Thursday, September 06, 2007

Growing Picture Perfect Peonies

Peonies are late spring's most wonderful surprise. With embarrassingly little work, these plentiful perennials produce armloads of flowers whose heady fragrance can be detected nearly anywhere in the garden. These beautiful blooms also bridge the gap between fading late-spring borders and the blooms of summer. Peonies only require a sunny, well-protected area to grow and bloom happily for decades. There are many types to choose from. Hybrid peonies typically bloom early in the season often in shades of pink and red. Foliage is light to medium green.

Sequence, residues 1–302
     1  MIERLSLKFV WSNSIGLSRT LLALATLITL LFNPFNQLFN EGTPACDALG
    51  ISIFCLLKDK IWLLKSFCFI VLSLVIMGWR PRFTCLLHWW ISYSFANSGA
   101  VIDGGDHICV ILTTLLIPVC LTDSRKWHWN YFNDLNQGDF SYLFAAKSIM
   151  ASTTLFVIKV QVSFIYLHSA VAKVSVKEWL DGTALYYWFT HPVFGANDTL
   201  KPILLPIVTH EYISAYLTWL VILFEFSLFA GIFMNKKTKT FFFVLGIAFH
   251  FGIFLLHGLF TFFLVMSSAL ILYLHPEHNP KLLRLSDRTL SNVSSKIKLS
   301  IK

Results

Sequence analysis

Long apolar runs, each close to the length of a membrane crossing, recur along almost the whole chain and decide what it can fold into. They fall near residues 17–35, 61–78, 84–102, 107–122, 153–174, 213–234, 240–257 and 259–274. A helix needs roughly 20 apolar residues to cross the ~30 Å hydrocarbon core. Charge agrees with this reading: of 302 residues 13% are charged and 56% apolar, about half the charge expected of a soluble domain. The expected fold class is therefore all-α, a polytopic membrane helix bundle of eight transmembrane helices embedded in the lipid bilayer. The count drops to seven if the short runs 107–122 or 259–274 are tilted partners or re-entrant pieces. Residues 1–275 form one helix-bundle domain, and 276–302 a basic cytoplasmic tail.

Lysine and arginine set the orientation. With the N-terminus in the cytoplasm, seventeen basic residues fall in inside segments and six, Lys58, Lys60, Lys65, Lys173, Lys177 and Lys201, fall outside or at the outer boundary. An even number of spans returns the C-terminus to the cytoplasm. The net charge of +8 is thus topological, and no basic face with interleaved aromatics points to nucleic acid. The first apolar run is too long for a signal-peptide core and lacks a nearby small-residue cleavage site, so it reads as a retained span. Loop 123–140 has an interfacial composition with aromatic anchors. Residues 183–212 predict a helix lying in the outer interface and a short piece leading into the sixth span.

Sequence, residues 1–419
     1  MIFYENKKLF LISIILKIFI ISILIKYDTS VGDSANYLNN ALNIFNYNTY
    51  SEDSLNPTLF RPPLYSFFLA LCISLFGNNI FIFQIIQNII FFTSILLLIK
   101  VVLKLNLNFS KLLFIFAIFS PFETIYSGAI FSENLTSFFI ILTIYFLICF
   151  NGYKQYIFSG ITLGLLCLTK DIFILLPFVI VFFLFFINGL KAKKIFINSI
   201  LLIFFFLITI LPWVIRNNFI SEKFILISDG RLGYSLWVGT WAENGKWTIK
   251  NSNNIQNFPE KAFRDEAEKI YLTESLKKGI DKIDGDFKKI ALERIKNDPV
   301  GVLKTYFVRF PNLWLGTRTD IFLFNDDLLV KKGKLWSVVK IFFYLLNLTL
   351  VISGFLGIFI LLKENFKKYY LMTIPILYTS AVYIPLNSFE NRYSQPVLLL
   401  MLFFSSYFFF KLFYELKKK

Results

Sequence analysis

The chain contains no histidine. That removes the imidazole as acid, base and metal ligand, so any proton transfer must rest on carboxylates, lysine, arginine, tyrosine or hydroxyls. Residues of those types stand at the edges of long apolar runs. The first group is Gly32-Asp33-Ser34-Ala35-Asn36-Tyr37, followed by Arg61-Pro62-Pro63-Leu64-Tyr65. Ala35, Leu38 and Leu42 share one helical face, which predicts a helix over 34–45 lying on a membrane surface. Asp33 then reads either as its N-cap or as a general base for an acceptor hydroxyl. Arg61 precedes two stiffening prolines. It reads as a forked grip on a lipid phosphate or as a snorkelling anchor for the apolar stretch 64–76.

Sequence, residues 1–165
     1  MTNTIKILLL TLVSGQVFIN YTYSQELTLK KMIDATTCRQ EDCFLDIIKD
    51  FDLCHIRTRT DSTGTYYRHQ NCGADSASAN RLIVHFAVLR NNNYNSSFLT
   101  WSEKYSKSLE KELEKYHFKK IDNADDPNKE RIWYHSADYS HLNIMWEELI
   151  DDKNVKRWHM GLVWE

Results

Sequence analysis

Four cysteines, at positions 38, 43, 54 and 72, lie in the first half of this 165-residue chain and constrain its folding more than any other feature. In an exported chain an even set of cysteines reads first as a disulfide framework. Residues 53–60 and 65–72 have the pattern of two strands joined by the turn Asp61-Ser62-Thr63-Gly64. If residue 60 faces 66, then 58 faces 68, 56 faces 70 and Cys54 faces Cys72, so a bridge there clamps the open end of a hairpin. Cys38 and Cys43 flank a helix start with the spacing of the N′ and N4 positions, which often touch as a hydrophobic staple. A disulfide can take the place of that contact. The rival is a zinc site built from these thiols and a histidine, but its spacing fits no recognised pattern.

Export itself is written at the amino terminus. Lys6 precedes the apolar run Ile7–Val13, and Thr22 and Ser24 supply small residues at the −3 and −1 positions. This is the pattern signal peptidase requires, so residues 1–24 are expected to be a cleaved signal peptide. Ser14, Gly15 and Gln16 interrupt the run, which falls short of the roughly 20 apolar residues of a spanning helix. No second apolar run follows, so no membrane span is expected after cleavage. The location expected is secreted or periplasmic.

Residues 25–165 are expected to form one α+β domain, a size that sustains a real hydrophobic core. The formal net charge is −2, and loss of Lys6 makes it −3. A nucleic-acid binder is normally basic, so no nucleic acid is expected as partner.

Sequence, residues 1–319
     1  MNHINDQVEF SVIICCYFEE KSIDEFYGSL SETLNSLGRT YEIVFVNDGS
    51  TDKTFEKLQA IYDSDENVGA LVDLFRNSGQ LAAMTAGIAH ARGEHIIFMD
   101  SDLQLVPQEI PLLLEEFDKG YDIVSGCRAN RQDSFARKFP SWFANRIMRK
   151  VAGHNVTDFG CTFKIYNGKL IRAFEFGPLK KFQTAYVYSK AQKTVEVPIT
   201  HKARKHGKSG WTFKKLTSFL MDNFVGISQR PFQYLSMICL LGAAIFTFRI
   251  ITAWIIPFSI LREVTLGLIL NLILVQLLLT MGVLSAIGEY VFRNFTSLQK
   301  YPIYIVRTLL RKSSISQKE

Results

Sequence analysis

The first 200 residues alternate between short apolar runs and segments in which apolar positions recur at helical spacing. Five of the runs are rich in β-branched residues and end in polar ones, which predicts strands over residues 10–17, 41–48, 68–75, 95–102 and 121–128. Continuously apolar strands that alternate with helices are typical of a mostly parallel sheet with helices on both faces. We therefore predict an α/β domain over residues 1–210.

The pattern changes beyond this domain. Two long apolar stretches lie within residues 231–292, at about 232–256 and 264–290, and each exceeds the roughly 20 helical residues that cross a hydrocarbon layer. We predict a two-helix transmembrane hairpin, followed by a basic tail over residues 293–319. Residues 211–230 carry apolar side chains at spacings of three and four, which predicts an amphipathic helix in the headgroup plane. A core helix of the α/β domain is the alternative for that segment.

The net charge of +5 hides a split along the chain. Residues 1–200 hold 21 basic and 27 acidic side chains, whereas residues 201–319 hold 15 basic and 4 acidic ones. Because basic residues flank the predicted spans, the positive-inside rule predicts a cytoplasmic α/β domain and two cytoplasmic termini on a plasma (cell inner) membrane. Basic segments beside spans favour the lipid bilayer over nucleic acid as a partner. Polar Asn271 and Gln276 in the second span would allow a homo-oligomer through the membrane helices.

Lactiflora peonies are commonly found in the United States and usually have larger flowers and darker colored foliage than hybrid peonies. Japanese peonies commonly have a colorful grouping of sterile stamens surrounded by one or two rows of petals. Single peonies have single-petaled flowers. Double peonies consist primarily of all petals. Anemone and Semi-double peonies are between Japanese and Double peonies in form. Planting your peonies Peonies are easy to plant and the buds are obvious, so it's easy to get them right side up! Remember to soak roots in a bucket or trash can of water to keep them from drying out while you dig the planting hole. Never let hair roots dry out. Do not soak for more than 8 hours. Dig in! Dig a hole large enough to accommodate the roots without bending or crowding--about 20 to 24 inches wide and deep. Keep this topsoil in a separate pile for refilling the hole. Then scratch the sides of the hole so roots can penetrate easily. The sides of the hole should be 4 inches away from the tips of the roots when the roots are spread out in the hole. Avoid crowding the root system. (If drainage is poor, add 2 inches of gravel to the bottom of the hole.) Remember to space holes according to recommended plant spacing. Eyes up! Remove the plant from the container of water. With sharp shears, prune any broken or damaged roots. Then place the peony plant in the hole, making sure that the red buds (which are called the "eyes") are about 1 1/2 to 2 inches below the soil’s surface. (Don’t plant too deeply or your peony may not bloom in the spring.) Spread the roots so they are not kinked or crossed. In warmer climates, plant peonies in late fall (October or November)--no more than 1 inch deep. Watering in. Fill the hole and cover the roots with the soil from the hole. Pack the soil lightly around the roots to remove any air pockets. Water well. It’s important to provide enough water for your newly-planted peony so that the plant’s root system establishes itself well before winter. Deep waterings every 7 to 10 days are far superior to frequent light waterings. Plants need at least 1 inch of moisture each week, whether from natural rainfall or from irrigation. Try to water in the mornings. Mulch for protection. Mulch around the plant with 2 to 4 inches straw, wood chips, lawn clippings, or other organic material to reduce evaporation and maintain moisture. Keep the area weed free! NOTE: Within a week to 10 days, your plant should begin to show new growth. Dormancy sometimes lasts longer than anticipated; so it may take longer to see any new growth. As a general rule, it is not necessary to fertilize until new growth has begun. It is normal for young peonies to yield only a few short flower stems the first year of growth. In subsequent years, flower number and form will improve.

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